I have found through my years of practice in sound something quite interesting in regards to growth and healing with sound as a modality. When working with sound as a form of meditation one cannot escape their own mind. In a sound bath the participants are often in a state of docility and stillness. It is not only a practice of patience, but that of disassociation with the stories we tell ourselves. To witness our thoughts subjectively like a car passing us is the nature of the experience.
We teach in our trainings something known as abreaction. This is the psychoanalytical state of purging one’s emotional tension from the body-mind. It is a form of catharsis whereby one is cleansed subconsciously of the lingering effects of trauma and disease. One must understand that in sound we are attempting to bypass the sympathetic nervous system to directly tap into the parasympathetic to reach a deep state of relaxation and calmness. In this we circumnavigate the fight or flight reflex and tap into the rest and digest.
Within abreaction one may have a subconscious reaction. The body may react in a way such as convulsions, deep exhales, and a myriad of individualized reactions which propagate a great release. This great release, though an intangible aspect of the self, is no less real when the body experiences its unconscious response. When we access the parasympathetic state, the nervous system is open to be cleansed. We cannot heal ourselves when tension and stress are the default operating systems. We can gain a little headway once we understand that there is great power in listening to one’s pain. The power of vulnerability is a valuable lesson within a progression to fearlessness.
The most fascinating aspect of abreaction comes in the form of reinforcement. Sound can make the traumatic experience set deeper in the body mind if not treated in a great form of respect and reverence. When sitting with sound we are given the chance to strengthen and break through that which makes us feel uncomfortable. The movement of energy can bring about states of bliss, connection, deep joy, and eternal love. Yet, often times we must experience deep states of grief, sadness, shame, and possibly guilt. If these states are too uncomfortable for some people, they may leave the room or find an excuse to leave. This action reinforces the state of the mind which perpetuated the feeling of being uncomfortable in the first place. In this right, the subconscious state has established a state of dominance in the mind, being able to secure itself and continue living within the mind-body and putting its foot in everyday thoughts and actions. Some people cannot let go of unconscious ideas which radiates throughout their lives. More so, that act of fleeing is a symptom of something greater. When we feel uncomfortable, we must understand that it is deeper than just a feeling, it is not our past moving into the conscious mind without the memory of the moment, but rather the emotion and feeling that we continue to carry throughout our lives in part with the unconscious state of being. People do not leave sessions, they flee from something they have ignored or fear when it confronts them.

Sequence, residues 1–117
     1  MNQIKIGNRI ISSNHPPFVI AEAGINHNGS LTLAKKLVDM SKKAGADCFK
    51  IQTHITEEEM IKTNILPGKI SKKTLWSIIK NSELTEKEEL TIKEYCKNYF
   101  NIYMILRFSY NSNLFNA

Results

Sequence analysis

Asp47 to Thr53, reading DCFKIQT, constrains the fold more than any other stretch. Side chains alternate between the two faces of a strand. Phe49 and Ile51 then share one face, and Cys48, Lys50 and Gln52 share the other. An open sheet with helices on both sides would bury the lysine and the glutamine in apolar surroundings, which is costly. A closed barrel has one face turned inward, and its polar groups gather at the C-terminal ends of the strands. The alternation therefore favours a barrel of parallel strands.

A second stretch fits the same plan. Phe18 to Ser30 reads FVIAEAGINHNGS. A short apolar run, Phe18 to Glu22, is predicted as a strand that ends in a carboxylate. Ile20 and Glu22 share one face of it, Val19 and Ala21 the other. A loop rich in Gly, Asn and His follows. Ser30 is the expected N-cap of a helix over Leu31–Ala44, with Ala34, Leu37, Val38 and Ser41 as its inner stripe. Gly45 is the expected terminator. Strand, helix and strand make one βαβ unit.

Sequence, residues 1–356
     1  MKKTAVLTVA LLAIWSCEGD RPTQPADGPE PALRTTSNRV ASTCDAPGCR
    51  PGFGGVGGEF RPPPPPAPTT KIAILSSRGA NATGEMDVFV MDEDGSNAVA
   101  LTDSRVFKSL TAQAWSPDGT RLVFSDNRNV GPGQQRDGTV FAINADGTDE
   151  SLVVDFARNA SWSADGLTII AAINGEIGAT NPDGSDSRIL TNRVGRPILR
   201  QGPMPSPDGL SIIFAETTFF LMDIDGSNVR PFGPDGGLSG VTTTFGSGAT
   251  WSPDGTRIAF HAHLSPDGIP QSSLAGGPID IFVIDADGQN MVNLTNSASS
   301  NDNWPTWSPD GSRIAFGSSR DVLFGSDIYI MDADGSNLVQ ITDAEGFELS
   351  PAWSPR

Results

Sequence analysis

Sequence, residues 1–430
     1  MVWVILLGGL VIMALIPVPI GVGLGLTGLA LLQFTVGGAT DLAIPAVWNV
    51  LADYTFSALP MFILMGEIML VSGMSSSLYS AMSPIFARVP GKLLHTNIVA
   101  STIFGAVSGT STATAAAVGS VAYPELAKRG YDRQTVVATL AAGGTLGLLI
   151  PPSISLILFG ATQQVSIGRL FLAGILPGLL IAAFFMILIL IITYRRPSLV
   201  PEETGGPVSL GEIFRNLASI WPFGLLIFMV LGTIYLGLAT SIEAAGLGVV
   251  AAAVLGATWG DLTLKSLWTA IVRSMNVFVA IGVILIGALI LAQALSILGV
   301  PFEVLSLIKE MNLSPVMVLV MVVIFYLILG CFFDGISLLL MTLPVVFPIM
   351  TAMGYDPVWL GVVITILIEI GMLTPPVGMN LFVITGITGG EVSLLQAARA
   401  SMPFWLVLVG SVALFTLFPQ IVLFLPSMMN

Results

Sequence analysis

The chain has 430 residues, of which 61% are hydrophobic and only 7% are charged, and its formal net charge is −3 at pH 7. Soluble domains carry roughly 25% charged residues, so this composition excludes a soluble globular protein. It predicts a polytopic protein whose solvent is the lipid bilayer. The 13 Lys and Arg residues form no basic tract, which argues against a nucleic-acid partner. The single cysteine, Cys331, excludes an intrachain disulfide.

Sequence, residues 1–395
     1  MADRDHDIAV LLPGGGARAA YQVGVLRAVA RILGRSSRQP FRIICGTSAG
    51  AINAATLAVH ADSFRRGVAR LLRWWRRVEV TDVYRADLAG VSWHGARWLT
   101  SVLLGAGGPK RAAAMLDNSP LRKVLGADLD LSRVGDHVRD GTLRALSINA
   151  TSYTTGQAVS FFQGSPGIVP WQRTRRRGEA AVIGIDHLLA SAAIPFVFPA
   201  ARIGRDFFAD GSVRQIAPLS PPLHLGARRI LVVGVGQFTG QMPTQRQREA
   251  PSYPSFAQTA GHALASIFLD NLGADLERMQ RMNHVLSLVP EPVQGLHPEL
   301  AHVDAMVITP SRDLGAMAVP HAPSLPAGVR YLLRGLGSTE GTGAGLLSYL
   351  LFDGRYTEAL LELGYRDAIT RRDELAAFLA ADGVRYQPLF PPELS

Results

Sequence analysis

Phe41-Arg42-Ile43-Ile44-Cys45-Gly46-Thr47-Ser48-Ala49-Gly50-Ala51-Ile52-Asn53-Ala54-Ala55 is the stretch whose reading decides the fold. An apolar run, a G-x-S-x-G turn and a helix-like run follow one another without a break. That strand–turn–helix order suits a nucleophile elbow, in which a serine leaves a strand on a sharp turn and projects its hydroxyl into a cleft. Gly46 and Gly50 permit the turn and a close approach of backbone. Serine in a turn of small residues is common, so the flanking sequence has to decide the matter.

This state of abreaction is not exclusively a sound state. This psychoanalytical aspect is found in our daily lives and often keeps us from experiencing a state of deep connection with others because we are always moving away from the uncomfortable. How many times have you wanted to say something to someone, and how many excuses have you made to not do it? Why? Because it’s easier. You aren’t putting yourself out there and the safety and protection of the “way it has always been” provides a wonderful sense of false security. The mind is malleable, yet as we grow into our age it slowly becomes concrete. So, the less we experience and challenge ourselves in life the more bitter we grow as we stay the same and the rest of the world seems to grow, building a greater state of disassociation.
It is a great blessing to have these practices. For when we are able to be uncomfortable and release an artificial stressor deep within us, we can then move about the world with a greater tolerance, less fear, and a greater outlook on life. Sound has the ability to work quickly and effectively. In this, sound has the ability to heal parts of our mind which have been impinged upon by our past. Sound amplifies the emotions and feelings and it wells in many places of the body, but often felt within the heart center, the key component of our electromagnetic field.
The synergy of sound and the subconscious is quite unique. For sound it is a practice of awareness for both the practitioner and the participant. One is not required to do anything aside from sit with the sounds. There is no breathing or movement; just stillness. Often in the world we do not value a state of nothingness, it is not constructive per se. But sound allows us to sit with the murky parts of the self without judgement. Our trauma and issues in our lives can stem from something deep in our past. Yet ultimately, we are responsible for them as they are an unwanted gift. Sound gives us a better chance to love ourselves more deeply. For in great moments of hurt, bliss is hiding on the horizon. I have always believed that sound is a practice of self-acceptance rather than that of self-change. We cannot wish away who we are. Do not walk away. Do not let your past dictate your future and then learn from the past and become the greatest version of yourself.